Mapping the Economy Onto Socio-Urban Space

I recently returned from last weekend’s Theorizing the Web conference, which I described to people as “a sociological perspective on web and digital phenomena.” It was two days packed full of talks on everything from drones and big data to selfies and feminism online. I was particularly excited (duh) for the session titled “Streetview: space, place, and geography.” The Q&A made it into the video below, but unfortunately not the talks themselves.

Tim Hwang gave an excellent talk titled “An Urban Geography of the Web Industry” that I’ve been thinking about a lot. On a take off of Jane Jacobs’ seminal text, his first slide read “The Death and Life of Great Internet Cities.” He opened with a mention of some of the outlandish-yet-true headlines that have come out of San Francisco lately, like TechCrunch’s “How Burrowing Owls Lead To Vomiting Anarchists (Or SF’s Housing Crisis Explained).” We’re seeing things like intense gentrification, the explosion of housing prices, and displacement en masse. In layman’s terms, SF is looking real messed up right about now.

Tim argued that to understand these features of the urban landscape, we have to go beyond the decisions of any individual company, municipality, or policy to look at “the economics of web as it’s presently structured and the types of businesses that have been able to thrive in that structure.” For instance, networks (like social ones and search engines) become more valuable as more people enter: there are more people to socialize with [and serve ads to]; there’s more data and better results. When businesses capitalize on networks like this, we very naturally get an industry like the telecommunications one with a few poorly-regulated monopolies–because the structure incentivizes large networks. Moreover, the venture capitalist model incentivizes investment in high-growth companies that will pay back that cash infusion in spades. So this, plus the aforementioned economics of networks, gives us companies that (have pressure to) grow furiously and then are sold off at astonishing valuations.

What does any of this have to do with the urban landscape? According to Tim, high-growth companies mean we get a large influx of employees that don’t always integrate gracefully into the existing social fabric of the city. The city’s existing housing stock and policy may not easily accommodate the incursion of newcomers. A slower-growing industry that created less of a population jump might make for less of a housing shock.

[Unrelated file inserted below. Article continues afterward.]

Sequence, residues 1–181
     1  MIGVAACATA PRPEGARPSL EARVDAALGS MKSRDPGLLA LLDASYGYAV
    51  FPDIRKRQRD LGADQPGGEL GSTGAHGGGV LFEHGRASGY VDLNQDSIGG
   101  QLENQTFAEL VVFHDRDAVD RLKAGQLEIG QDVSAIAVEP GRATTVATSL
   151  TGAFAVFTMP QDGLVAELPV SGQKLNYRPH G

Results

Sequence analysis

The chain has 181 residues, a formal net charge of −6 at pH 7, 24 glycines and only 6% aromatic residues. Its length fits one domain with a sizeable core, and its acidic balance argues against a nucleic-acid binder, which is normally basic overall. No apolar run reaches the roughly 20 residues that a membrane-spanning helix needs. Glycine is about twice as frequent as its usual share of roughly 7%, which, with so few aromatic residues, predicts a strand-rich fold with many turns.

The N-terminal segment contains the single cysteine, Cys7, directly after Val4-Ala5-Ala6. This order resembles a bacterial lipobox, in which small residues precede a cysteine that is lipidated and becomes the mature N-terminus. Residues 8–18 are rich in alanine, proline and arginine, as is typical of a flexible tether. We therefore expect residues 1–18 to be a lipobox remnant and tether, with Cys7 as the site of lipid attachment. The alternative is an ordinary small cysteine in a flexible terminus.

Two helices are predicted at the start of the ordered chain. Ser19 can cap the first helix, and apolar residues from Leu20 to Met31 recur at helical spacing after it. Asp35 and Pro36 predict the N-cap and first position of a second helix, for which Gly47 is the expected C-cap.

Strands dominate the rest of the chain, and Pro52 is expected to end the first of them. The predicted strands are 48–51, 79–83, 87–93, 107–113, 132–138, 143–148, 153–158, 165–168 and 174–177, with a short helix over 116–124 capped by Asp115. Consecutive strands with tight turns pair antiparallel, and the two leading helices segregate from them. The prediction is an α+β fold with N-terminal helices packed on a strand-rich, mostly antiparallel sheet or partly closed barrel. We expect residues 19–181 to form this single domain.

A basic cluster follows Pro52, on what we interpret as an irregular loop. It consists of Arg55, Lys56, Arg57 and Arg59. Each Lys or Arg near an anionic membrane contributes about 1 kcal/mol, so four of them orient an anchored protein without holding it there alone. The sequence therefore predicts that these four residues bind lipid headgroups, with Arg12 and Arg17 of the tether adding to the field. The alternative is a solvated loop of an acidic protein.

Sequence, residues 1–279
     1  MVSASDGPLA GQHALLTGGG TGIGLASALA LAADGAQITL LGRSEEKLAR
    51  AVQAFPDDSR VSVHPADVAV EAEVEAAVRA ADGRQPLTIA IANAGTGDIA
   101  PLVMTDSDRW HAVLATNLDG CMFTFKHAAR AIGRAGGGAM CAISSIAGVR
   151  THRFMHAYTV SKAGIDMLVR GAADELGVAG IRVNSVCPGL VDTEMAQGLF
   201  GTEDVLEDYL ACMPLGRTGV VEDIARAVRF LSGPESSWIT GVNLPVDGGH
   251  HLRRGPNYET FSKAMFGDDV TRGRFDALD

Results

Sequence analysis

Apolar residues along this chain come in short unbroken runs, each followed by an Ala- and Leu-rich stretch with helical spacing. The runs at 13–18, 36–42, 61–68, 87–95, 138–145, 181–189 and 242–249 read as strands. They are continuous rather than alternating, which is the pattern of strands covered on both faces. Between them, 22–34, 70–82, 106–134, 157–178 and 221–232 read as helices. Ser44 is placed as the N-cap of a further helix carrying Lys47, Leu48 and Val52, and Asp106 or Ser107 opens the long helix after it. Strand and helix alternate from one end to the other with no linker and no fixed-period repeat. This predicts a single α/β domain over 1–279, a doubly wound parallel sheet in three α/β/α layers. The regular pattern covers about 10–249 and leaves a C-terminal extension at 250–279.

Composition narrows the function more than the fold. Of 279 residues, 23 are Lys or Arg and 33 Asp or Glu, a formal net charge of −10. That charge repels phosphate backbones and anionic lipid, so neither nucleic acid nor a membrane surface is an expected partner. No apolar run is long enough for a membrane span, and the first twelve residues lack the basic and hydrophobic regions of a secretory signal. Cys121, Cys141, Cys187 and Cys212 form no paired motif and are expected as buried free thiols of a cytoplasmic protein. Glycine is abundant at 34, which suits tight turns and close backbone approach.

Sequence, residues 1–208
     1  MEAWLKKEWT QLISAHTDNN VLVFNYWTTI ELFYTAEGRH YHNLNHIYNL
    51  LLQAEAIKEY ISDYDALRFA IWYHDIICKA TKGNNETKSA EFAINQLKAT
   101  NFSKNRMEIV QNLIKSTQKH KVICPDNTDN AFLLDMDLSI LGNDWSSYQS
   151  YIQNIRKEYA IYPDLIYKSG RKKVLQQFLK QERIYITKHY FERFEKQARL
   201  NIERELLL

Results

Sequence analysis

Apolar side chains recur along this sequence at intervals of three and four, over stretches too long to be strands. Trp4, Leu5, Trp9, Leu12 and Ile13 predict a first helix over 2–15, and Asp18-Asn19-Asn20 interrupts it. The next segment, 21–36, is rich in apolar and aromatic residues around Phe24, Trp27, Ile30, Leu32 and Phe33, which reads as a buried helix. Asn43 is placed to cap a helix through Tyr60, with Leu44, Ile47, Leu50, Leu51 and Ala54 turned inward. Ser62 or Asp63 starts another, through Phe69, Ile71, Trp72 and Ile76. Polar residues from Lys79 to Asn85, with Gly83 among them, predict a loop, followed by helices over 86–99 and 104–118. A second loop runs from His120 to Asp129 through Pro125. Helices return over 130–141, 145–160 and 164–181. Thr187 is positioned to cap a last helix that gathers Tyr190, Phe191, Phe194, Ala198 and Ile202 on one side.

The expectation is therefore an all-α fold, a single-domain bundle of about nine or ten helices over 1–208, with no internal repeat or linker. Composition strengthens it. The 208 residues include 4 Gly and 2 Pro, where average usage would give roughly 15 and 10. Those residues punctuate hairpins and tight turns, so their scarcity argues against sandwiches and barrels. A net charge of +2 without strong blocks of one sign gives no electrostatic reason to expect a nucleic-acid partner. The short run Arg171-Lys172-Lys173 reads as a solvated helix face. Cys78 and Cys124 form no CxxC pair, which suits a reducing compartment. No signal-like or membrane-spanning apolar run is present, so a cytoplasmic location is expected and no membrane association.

Moreover, web-based businesses don’t exactly exhibit a trickle-down effect the same way as, say, the auto industry which generated a whole secondary economy of automotive suppliers and jobs. You could argue that the tech-based growth does stimulate demand for other sorts of businesses–restaurants, transportation services, etc.–but those are generally service-sector jobs that only deepen the socioeconomic stratification that SF is a microcosm of. For every Uber passenger, an Uber driver.

So these observed phenomena–gentrification, displacement, inflation in housing prices–are in fact closely connected to the fundamental economics around the web. As Tim says, “businesses are viable in a certain way which produces very real socio-urban effects.” The urban landscape is reflective of the local (and national, and international) economy. So if we want to influence these outcomes–say, cut down on displacement, or provide affordable housing options–we have to understand what’s at play in the predominantly tech-based economy and what that economy incentivizes. These things have implications for urban space. “Interventions come from trying to design a structure of the web that produces certain types of businesses that produce social results.”

Most all of the above is Tim’s material; props to him for providing a thoughtful lens into why a particular socio-urban landscape looks the way it does. My question to him (which was asked right before the video above starts) was: how about places like Chicago and Detroit, which are making a concerted effort to attract technology-based businesses and cultivate entrepreneurial ecosystems modeled after the Valley–Silicon Prairie, or whatever. These are places that have developed differently from the Valley, and have an industrial heritage that remains in many ways, structuring the urban landscape. Detroit’s auto industry isn’t entirely dead.

So how do these different developmental histories change the way we might think about treating some of the social ills? How do we better map the connection between the economy (which is not just one thing, not just web-based businesses in SF) and social outcomes in local space? In Chicago, a city that’s seen massive population loss and deepening poverty since the post-industrial shift of mid-last century, how do we ensure that, yes–we’re building a strong tech hub that creates jobs and attracts stable middle-class workers, but also being cognizant of how the economy we’re (literally) structuring our cities around might be more closely tied to the severe segregation the city exhibits than Rahm & co. might like to think? And then, what might we do, with the economy or otherwise, to mitigate those inequalities?


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